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Protein Intake Increases Hip Fracture Prevention

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Higher levels of protein intake may lower the risk of hip fractures in seniors, according to a study published in Osteoporosis International.
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A team of researchers from the Institute for Aging Research of Hebrew SeniorLife in Boston enrolled 946 elderly participants in the Framingham Osteoporosis Study, which examined the effects of consuming higher amounts of protein.

The results of the study showed that individuals who had the lowest protein intake were 50 percent more likely to suffer from hip fractures.

While other studies have found that protein intake is associated with an increase in bone mineral density, the researchers from this study stated that a higher intake of protein also builds strong muscles in the legs, which lowers the possibility of falling and suffering a hip fracture.

Marian T. Hannan, lead author and co-director at the Musculoskeletal Research Program at the Institute for Aging Research, stated that “[the] study participants who consumed higher amounts of protein in their diet were significantly less likely to suffer a hip fracture.”

People who wish to add more protein to their daily diet can benefit from consuming fish, leaner meats, dairy products, as well as different types of beans, which are all high sources of protein, according to the University of Pittsburgh Medical Center.


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Source :Better Health Research. July 22. 2010

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Shoes that Warn You About a Fall

Scientists working to help astronauts regain balance after extended flights in zero gravity say they’ve found a way to use the research to help elderly people avoid catastrophic falls.

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An “iShoe”insole contains sensors that read how well a person is balancing. The point is to gather information for doctors and to get people to a specialist – before they fall.

Erez Lieberman, a graduate student who developed the technology while working as an intern at Nasa, says a damaging fall is preceded

by numerous warnings, similar to how high cholesterol and elevated blood pressure point to a coming heart attack. “You gradually get worse and worse at balancing,”said Lieberman, who studies in a joint Harvard-Massachusetts Institute of Technology health science and technology program. “If you know the problem is there, you can start addressing the problem.”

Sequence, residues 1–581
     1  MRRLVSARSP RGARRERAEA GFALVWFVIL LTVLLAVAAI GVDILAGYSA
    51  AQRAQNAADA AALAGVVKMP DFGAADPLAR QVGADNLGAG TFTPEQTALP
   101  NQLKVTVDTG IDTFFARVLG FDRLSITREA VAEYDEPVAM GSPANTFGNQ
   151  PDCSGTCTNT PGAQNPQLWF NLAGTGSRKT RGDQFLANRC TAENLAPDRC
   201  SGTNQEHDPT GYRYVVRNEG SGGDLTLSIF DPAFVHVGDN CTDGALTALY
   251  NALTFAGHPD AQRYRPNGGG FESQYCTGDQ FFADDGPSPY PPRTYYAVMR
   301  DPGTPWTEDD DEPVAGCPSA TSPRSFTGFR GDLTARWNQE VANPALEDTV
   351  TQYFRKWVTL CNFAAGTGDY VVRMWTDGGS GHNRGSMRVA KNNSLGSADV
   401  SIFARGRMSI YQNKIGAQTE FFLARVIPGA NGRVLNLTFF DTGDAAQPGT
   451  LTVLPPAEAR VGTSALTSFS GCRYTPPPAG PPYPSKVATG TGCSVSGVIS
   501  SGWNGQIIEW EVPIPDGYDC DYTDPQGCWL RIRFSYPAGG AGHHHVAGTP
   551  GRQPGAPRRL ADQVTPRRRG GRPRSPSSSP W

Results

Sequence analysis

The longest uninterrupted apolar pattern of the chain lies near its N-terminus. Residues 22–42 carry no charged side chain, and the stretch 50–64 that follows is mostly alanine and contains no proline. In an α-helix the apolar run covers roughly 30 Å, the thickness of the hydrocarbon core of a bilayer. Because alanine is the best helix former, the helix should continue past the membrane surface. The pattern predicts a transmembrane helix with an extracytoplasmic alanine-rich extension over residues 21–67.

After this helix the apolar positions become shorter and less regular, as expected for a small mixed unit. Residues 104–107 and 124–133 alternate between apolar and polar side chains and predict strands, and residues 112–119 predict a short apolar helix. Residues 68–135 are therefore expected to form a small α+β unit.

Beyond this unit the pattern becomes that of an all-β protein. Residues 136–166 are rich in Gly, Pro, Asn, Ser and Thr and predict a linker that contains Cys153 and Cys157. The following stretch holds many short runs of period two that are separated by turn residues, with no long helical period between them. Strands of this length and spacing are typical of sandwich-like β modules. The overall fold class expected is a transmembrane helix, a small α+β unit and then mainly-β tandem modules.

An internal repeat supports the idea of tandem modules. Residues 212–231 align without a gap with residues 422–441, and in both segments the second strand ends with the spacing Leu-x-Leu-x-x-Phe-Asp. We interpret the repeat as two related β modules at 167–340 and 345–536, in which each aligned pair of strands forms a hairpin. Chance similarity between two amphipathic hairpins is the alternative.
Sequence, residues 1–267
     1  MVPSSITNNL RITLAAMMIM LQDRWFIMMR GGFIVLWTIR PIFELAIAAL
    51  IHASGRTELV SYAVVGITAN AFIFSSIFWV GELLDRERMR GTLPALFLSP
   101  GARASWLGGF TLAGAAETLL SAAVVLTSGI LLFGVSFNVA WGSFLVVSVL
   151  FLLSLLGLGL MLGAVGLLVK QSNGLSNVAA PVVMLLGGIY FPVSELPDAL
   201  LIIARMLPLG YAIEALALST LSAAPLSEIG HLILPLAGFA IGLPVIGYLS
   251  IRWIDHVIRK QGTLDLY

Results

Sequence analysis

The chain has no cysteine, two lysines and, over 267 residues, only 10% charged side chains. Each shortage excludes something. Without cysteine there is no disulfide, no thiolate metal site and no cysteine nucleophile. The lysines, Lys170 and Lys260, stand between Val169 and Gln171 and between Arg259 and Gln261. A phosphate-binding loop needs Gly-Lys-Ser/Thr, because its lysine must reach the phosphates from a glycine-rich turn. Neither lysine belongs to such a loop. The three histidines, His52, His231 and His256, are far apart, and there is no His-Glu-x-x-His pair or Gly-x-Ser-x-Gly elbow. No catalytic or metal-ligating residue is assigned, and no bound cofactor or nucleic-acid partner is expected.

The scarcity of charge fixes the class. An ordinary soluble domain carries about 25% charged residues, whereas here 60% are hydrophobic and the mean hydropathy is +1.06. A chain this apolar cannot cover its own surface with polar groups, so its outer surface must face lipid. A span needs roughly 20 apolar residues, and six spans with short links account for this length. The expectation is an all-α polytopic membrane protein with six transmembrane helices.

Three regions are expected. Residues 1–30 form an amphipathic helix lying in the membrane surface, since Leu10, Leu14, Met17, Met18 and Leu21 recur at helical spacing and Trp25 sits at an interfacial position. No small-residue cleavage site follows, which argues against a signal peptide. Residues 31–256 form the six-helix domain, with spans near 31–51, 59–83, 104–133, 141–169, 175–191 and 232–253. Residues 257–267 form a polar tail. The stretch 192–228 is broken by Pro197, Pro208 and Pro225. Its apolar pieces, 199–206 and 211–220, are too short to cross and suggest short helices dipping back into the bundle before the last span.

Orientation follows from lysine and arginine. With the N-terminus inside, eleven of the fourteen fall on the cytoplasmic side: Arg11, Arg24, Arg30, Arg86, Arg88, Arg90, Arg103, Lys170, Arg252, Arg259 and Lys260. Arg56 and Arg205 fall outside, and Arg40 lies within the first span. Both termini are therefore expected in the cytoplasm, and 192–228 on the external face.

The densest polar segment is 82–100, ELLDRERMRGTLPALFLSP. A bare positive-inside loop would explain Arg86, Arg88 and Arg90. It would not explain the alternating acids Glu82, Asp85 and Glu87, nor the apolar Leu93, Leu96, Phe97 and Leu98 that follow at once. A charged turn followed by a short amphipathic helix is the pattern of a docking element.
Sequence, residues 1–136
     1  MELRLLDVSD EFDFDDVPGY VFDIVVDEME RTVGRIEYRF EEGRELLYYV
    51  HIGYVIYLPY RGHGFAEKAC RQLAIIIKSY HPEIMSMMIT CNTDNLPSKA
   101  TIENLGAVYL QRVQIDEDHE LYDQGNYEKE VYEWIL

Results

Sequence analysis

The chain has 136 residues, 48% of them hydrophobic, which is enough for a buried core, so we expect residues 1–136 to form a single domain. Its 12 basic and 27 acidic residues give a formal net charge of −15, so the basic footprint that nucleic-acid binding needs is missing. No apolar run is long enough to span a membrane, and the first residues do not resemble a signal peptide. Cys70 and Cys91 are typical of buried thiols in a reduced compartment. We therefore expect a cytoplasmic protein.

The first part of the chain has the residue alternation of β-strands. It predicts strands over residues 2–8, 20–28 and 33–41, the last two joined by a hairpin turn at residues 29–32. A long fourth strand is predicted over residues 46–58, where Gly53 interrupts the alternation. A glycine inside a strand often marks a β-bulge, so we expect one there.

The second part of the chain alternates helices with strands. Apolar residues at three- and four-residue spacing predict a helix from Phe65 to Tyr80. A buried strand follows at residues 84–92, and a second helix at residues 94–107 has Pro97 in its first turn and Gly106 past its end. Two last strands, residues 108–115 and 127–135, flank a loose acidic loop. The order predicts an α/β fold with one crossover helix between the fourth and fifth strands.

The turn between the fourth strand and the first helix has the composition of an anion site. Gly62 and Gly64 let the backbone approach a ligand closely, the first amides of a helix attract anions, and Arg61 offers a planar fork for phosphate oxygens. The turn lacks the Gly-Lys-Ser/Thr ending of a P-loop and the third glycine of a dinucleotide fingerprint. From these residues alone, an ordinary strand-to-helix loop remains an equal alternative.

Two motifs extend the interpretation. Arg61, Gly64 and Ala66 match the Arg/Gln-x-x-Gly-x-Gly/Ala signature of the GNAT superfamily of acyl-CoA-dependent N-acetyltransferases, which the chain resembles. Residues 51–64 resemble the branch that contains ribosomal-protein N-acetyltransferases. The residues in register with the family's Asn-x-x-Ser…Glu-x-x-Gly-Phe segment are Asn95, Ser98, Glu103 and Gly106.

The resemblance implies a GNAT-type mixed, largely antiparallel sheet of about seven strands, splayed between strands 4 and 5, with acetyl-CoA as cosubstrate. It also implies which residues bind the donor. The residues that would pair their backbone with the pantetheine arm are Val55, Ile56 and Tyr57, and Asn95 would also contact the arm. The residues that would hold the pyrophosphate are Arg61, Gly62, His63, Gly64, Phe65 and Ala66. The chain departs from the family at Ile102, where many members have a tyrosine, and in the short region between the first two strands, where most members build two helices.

The National Osteoporosis Foundation estimates 300,000 people annually suffer hip fractures, which are often caused by falls. An average of 24% of hip fracture patients age 50 and over die within a year of the fracture.

Many fall victims who don’t die within a year end up being disabled the rest of their lives.
“It’s a huge issue,”said Elinor Ginzler of the AARP. “It significantly impairs your ability to stay independent, which is what people want.”

The idea for the iShoe came to Lieberman while he was working on a project to help astronauts regain balance after months in zero gravity. The work is part of preparations for long space missions, such as trips to Mars, that require astronauts to perform complicated tasks on the terrain soon after landing.

He and Katharine Forth, a visiting scientist at Nasa who also works on the iShoe, had been touched personally by the issue of elderly falls, with each seeing a grandmother’s health rapidly deteriorate after such an accident. “It was something that has kind of been on my mind in general, and once I started looking at balance it became very clear it would have applications in that direction,”Lieberman said.

Nasa tests balance with an expensive device about the size of a phone booth. Lieberman and Forth say the iShoe insole, slipped inside any shoe, solves the problem of portability and affordability, since the device would cost about $100.

Lieberman estimates $1 million is needed for a broad clinical trial, and $3 million to $4 million to bring the insole to market. The company has applied for a patent and as well as federal funding. Once funding is obtained, the iShoe could be for sale in 18 months, Lieberman said.

Sources: The Times Of India

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